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p53: The Gene That Cracked the Cancer Code Audiobook

p53: The Gene That Cracked the Cancer Code

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Publisher's Summary

All of us have lurking in our DNA a most remarkable gene. Its job is straightforward - to protect us from cancer. This gene - known simply as p53 - constantly scans our cells to ensure that they grow and divide without mishap, as part of the routine maintenance of our bodies. If a cell makes a mistake in copying its DNA as part of its process of division, p53 stops it in its tracks, sending in the repair team before allowing the cell to carry on dividing. If the mistake is irreparable and the rogue cell threatens to grow out of control (as happens in cancer), p53 commands the cell to commit suicide. Cancer cannot develop unless p53 itself is damaged and malfunctioning.

Not surprisingly, p53 is the most studied gene in history. This enormously important gene has teased the minds of some of the most colourful and ambitious scientists around the world. These characters populate Sue Armstrong's book p53: The Gene That Cracked the Cancer Code, the story of medical science's mission to unravel the mysteries of this gene and to get to the heart of what happens in our cells when they turn cancerous. p53: The Gene That Cracked the Cancer Code reveals the tale of the search for this gene, as well as the excitement of the hunt for new cures - the hype, the lost opportunities, the blind alleys, and the thrilling breakthroughs.

As the long-anticipated revolution in cancer treatment tailored to each individual patient's symptoms starts to take off at last, p53 is still at the forefront of the game. This is a timely tale of scientific discovery and advances in our understanding of a disease that still affects more than one in three of us at some point in our lives.

©2014 Sue Armstrong (P)2014 Audible Inc.

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  • Adriana
    La Crosse, WI, United States
    25/12/14
    Overall
    Performance
    Story
    "Excellent story! Unfortunate narration at start"
    Where does p53: The Gene That Cracked the Cancer Code rank among all the audiobooks you’ve listened to so far?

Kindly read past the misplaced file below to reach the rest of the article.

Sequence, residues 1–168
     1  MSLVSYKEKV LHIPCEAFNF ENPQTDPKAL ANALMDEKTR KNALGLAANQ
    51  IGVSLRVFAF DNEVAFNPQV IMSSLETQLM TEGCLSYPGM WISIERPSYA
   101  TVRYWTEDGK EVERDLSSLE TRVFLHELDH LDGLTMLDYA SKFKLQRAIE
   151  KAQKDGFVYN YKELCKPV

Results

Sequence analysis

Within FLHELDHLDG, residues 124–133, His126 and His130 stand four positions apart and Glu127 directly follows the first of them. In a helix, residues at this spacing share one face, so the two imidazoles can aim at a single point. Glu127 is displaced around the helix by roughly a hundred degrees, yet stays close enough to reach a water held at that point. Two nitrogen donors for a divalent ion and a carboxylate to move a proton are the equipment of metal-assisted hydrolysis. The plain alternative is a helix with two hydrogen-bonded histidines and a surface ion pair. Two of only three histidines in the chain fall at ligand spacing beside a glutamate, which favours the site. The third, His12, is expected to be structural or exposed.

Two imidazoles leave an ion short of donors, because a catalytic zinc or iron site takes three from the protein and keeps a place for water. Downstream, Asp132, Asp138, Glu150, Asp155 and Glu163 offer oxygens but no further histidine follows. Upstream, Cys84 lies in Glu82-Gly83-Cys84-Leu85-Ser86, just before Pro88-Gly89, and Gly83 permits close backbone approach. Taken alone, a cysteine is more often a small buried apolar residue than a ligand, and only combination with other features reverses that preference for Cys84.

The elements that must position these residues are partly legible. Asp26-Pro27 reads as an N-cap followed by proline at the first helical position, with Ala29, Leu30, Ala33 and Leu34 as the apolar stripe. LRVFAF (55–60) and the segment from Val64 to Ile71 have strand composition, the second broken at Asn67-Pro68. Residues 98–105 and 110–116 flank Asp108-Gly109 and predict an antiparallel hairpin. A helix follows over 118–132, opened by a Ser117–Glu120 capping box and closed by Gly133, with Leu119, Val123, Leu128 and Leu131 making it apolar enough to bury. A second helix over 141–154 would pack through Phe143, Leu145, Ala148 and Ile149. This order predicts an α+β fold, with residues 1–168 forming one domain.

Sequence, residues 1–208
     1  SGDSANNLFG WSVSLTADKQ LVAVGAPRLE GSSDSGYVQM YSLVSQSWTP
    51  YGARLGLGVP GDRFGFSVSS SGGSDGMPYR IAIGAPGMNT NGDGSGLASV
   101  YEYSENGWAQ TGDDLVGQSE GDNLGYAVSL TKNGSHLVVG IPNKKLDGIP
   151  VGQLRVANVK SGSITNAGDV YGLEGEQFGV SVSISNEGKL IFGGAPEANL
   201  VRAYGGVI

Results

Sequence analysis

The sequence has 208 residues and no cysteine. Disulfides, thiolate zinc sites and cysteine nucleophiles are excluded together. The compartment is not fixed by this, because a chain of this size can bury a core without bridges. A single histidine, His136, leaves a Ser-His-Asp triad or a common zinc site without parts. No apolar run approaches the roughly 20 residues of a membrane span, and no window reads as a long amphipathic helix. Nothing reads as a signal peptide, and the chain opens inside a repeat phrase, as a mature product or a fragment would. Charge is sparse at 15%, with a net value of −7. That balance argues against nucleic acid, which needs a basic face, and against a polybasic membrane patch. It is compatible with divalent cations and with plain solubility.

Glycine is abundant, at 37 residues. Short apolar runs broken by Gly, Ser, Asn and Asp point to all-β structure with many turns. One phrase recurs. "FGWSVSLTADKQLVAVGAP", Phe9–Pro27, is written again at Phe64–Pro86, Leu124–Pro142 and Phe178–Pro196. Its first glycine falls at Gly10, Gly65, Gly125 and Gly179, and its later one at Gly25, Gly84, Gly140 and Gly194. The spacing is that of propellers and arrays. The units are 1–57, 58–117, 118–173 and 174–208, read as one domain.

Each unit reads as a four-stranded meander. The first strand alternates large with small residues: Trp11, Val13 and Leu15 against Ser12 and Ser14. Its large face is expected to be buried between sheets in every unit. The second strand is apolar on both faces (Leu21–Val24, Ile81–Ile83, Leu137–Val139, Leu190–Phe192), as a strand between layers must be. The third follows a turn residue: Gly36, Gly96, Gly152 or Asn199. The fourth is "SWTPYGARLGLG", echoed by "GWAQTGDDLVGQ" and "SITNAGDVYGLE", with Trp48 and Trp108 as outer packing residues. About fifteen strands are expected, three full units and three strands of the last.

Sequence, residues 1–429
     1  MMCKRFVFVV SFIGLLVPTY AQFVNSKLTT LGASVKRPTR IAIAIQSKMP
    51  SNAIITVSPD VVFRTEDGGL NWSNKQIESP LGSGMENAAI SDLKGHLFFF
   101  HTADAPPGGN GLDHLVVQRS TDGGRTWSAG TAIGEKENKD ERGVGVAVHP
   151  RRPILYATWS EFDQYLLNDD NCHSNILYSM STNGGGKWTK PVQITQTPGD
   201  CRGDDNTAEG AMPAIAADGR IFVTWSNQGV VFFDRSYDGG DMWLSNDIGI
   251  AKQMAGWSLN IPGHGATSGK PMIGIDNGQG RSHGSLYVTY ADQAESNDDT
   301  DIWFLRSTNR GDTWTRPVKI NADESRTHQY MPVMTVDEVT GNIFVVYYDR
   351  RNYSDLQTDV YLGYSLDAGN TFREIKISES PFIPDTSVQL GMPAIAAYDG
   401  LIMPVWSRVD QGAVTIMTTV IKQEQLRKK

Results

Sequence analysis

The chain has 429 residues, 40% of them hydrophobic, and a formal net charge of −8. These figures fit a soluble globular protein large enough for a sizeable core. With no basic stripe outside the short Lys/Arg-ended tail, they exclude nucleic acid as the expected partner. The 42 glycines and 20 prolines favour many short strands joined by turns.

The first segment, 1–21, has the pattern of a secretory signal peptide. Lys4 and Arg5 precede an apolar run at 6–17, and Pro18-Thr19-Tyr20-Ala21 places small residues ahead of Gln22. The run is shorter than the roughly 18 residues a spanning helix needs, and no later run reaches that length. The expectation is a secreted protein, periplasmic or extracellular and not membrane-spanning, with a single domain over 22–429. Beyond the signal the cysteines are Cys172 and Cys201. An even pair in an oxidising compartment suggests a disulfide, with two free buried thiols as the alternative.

Excellent story and well researched. Unfortunately at the beginning the narrator was so annoying that I almost stopped listening. I have purchased over 500 audible books and have never had such a reaction to a narrator. But the story was so good that I continued listening. As the story progressed, the narrator improved. If only she narrated as she did in the middle and end this book would've gone all five stars


    What did you like best about this story?

    It's thorough and interesting research. It was not dry – – it was engaging.


    Who would you have cast as narrator instead of Elizabeth Jasicki?

    There are so many to choose from. All Elizabeth had to do was narrate the beginning how she narrated in the middle and end of the audiobook. The narration was so bad at the beginning,that my husband commented: "how can you stand to listen to that". As an audible member for years this was the first time my husband commented in that manner. Again, it got better as the book progressed it was just so affected at the beginning.


    Any additional comments?

    If you're all interested in biology, genetics, cancer research, life-sciences you'll enjoy this book--it is worth your time. I would have enjoyed hearing whether the author had recommendations for the public at large.

    6 of 6 people found this review helpful
  • noelle
    18/04/16
    Overall
    Performance
    Story
    "A must read after Emperor of all Maladies"

    I read (listened) to this book after finishing Emperor of all Maladies. I've learned so much from both books, and as a non scientist, haven't felt overwhelmed by the subject.

    I will listen to this again, so to understand how Li-Fraumeni Syndrome impacts my immediate family.

    1 of 1 people found this review helpful
  • Todd Peters
    Winfield, KS, US
    15/02/15
    Overall
    Performance
    Story
    "For scientific or medical backgrounds"

    If you love medicine or cell biology, this kind of story gives you historical insight into recent scientific work (well, last 30 years). If this is the kind of topic you find interesting, I think you'll enjoy this book.
    I wouldn't recommend to most listeners... But I think the title helps to weed out those who would find this subject overwhelming or boring.

    1 of 1 people found this review helpful

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